Now, a mute protagonist could present a challenge – it could involve Cass slowly learning how to talk, bonding with Oracle, maybe even remembering what her father taught her… but instead they went for an ass pull and had a psychic magically healing her. Seriously.
They tried to make it seem like less of an asspull by presenting it as Batgirl having to choose between being the ultimate warrior and mute, or a less skilled, average fighter but able to talk. However, this was clearly done because the writers wrote themselves in a corner by being mute, and didn’t know how to keep this up and keep her interesting.
It’s a shame, because it was a genuinely interesting problem and there could have been a lot of character development involving bonding with Oracle as she slowly learned language and how to hit in- especially if learning language helped her remember what Cain said as he was training her. Instead we got what we got, with her language skills resulting in her fighting skills becoming more inconsistent, which was a shame, but still made for interesting reading.
It also had another disadvantage of constantly pitting Cass against Mooks. Interestingly, in spite of being by far the deadliest Batgirl and one of the best hand to hand fighters in the DC Universe, her debut fights and achievements are less impressive than Stephanie Brown’s. Even though Stephanie was in part defined by failure and weakness. Still, Stephanie went up against Scarecrow, the calculator, and even a brainwashed Huntress and Catwoman, as well rescuing both Dick Grayson and Barbara Gordon.
Both Barbara Gordon and even ditzy Bette Kane got to debut against masked crooks. Here, most of the time Cassandra went against nameless, maskless goons and her biggest threat wasn’t any foes- but rather whenever the writing team needed to give her a random nerfing. This nerfing is explained by the fact that when she gained the ability to talk she lost the ability to read movements, and yet she appears to get her skill back after a training session with Lady Shiva and it still turns on and off.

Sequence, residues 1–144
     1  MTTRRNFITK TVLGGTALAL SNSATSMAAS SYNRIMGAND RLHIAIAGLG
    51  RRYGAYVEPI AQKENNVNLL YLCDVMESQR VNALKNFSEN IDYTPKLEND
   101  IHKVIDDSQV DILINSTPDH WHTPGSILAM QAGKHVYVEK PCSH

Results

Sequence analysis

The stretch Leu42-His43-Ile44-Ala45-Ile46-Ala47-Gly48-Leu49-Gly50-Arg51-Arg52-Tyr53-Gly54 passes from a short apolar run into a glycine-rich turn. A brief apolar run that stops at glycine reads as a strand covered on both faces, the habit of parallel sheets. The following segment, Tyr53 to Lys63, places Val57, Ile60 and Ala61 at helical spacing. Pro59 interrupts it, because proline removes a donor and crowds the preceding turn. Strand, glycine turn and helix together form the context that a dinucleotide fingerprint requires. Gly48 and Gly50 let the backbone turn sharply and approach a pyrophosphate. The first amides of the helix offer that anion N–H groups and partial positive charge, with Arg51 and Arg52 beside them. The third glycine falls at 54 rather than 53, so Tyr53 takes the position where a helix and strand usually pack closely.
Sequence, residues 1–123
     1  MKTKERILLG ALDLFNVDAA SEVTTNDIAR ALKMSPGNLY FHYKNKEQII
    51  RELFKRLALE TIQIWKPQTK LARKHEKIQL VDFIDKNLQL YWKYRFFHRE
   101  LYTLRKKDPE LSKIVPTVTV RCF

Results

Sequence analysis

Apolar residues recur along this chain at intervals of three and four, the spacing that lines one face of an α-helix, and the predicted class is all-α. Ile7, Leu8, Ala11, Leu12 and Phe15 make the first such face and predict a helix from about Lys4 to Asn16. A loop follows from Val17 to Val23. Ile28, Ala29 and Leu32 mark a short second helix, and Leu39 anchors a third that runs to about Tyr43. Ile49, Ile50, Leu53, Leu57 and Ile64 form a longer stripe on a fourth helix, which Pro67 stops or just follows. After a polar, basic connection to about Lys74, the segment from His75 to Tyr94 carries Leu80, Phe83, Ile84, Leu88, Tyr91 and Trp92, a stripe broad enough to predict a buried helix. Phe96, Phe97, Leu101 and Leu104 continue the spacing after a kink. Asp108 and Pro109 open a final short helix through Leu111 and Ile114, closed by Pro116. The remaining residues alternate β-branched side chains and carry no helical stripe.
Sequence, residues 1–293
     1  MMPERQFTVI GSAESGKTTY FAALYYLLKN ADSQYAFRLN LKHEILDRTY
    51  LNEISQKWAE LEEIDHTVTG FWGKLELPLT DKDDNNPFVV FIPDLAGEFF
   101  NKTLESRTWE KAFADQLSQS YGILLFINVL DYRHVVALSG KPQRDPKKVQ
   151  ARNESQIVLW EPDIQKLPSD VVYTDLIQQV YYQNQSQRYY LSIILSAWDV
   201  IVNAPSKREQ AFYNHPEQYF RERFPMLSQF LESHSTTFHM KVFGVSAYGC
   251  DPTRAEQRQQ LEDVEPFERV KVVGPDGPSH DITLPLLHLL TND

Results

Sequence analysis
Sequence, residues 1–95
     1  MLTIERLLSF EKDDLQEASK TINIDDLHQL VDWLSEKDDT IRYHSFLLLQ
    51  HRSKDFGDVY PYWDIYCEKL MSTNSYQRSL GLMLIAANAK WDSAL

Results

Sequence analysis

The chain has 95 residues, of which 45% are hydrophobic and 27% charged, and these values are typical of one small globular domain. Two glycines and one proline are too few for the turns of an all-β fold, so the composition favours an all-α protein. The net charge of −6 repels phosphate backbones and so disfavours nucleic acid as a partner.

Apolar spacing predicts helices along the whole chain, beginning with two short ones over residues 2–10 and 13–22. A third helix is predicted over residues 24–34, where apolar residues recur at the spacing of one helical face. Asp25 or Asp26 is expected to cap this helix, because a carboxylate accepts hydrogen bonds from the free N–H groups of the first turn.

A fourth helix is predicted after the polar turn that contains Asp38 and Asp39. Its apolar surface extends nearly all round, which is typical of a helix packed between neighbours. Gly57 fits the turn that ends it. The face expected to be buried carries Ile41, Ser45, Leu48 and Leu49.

Speaking of Lady Shiva, the biggest bright spot was their fight. Lady Shiva is one of the strongest martial artists in the DC Universe, whom Bruce trusted to train Tim Drake (the third Robin) and whom managed to knock Jason Todd (the second Robin) flat on his ass in A Death In The Family. This moment made for one of the strongest conflicts in the opening issue. Often, when I see a superheroine pitted against another female I raise my eyebrows slightly, because it just so often feels like ‘hmmm… this should be girly and this foe has a vagina- lets put them up against each other!’ I still remember when Babsy in Gail Simone’s run called half the DC Universe’s female superheroines in to help her and I was wondering ‘what? No Nightwing? Why ignore the male superheroes when the city’s at stake?’ But no, Lady Shiva and Cass Cain make sense. She is also an ultimate fighter who is dedicated to attaining the peek of skill.